Coding Standards

Tyree edited this page Jan 8, 2014 · 7 revisions

This document contains the coding standards for the AtomicStack projects. It contains both style guidelines and best practices for various middle tier and client front end code and other assets. This document was written using the Coding Guidelines - Mono as an outline.

Style Guidelines (c#)

Please adhere to the following guidelines so that we may maintain a seamless and consistent prose throughout the code base. Please try to follow these guidelines to ensure prettiness.

Indentation

Use 4 space tabs for writing your code. Since we are using 4 space tabs nesting won't be as much of a problem as if we were using 8 space tabs. However, it is still a good idea to use short circuitting techniques to reduce nesting.

Switch statements have the case indented one level in from the switch.

switch (x)
{
    case 'a':
        // do something
    case 'b':
        // do some other thing
}

All code within blocks are indented one level in from its enclosing braces.

{
    // do something
}

Tab Stops

Tab stops are considered to occur at every 4th column (1,5,9,13,17,21,etc.). Tab stops are used to provide easy column type visual scanning of important varying details of similar constructs. The use of options and an IDE that supports current line highlighting is recommended to bridge individual lines that may be wider than normally expected due to adherence to the following Tab Stop guidelines.

Declaration statements that are grouped together should have the data types and variable names lined up to the same tab-stop. Assignment statements grouped together should have the assignment operator (= sign) lined up to the same tab-stop. These guidelines are compounded when assignments are performed in declaration statements. For example:

private     int                 someIntegerValue        = 0;
public      SomeDefinedType     someDefinedTypeInstance = new SomeDefinedType();
internal    string              someStringValue         = String.Empty;

Braces

We are generally following the Allman Style for braces containing multiline blocks. This means that all opening and closing brace pairs are expected to line up on the same tab stop when not occurring on the same line. Each nested block is expected to indent to the next tab stop. Vertical spacing should not be much of an issue within this project since we should be adhering to clean coding principles which should result in very small, lightweight functions with very low cyclomatic complexity. Despite this, braces may be omitted when the control statement is followed by a singular affected statement or a set of statements that chain back to the control statement. Also, brace pairs may be placed on the same line for single line functions and property methods. For example, all of the following are considered proper within these guidelines:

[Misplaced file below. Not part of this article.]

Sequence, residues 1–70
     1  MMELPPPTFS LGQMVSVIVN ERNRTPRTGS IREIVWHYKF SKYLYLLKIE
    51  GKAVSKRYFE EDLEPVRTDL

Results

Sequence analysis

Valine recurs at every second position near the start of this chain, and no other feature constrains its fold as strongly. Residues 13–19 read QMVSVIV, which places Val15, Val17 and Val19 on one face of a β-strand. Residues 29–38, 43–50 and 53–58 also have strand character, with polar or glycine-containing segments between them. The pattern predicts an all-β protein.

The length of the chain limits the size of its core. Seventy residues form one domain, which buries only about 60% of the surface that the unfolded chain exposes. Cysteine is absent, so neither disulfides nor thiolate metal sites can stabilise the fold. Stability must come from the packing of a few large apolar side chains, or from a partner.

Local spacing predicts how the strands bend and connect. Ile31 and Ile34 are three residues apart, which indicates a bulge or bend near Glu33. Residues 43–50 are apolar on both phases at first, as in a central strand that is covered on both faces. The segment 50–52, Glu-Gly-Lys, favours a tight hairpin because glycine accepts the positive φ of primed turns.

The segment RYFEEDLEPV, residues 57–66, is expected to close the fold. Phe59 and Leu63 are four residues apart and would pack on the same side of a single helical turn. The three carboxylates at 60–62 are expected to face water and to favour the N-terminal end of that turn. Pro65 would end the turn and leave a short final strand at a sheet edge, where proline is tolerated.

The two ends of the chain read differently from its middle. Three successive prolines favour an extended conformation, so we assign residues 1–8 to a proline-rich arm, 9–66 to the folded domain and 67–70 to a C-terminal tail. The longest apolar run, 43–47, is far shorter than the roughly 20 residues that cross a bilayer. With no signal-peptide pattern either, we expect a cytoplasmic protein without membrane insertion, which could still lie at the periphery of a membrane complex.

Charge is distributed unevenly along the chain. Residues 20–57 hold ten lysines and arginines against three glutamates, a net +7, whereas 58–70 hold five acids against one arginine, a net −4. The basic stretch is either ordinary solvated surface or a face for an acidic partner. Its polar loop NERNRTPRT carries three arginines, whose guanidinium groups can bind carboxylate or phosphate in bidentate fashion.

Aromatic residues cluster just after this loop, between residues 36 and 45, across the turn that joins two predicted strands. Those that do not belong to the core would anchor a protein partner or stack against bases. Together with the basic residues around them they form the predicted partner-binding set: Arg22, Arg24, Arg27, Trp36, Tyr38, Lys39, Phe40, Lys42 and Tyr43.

public  int    SomeIntegerValue    { get { return 0; } }
public  int    Add(int x, int y)   { return x+y; }
if (true)
for(;;) Debug.write("Does this code ever stop running?");
if (true)
{
    for(;;) Debug.write("Does this code ever stop running?");
}
if (true)
{
    for(;;)
    {
        Debug.write("Does this code ever stop running?");
    }
}
if (true)
{
    for(;;)
    {
        switch (true)
        {
            case (false):
                break;
            default:
                Debug.write("Does this code ever stop running?");
        }
    }
}

The following examples are not considered proper within these guidelines:

if (true) {
    for(;;) {
        Debug.write("Does this code ever stop running?");
    }
}
if (true) {
    for(;;) {
        Debug.write("Does this code ever stop running?");}}
if (true)
    {
    for(;;)
        {
        switch (true)
            {
            case (false):
                break;
            default:
                Debug.write("Does this code ever stop running?");
            }
        }
    }

Generics Parameters/Arguments

When you need to wrap Generic parameter declarations and type arguments, wrap the opening angle bracket to the next line and the same tab stop as the Generic type. Then wrap the first parameter/argument onto the next line and indented to the next tab stop. Wrap all other parameters to new lines and the same tab stop. Wrap the closing angle bracket to the next line and the same tab stop as the opening angle bracket. The following examples are considered proper within these guidelines.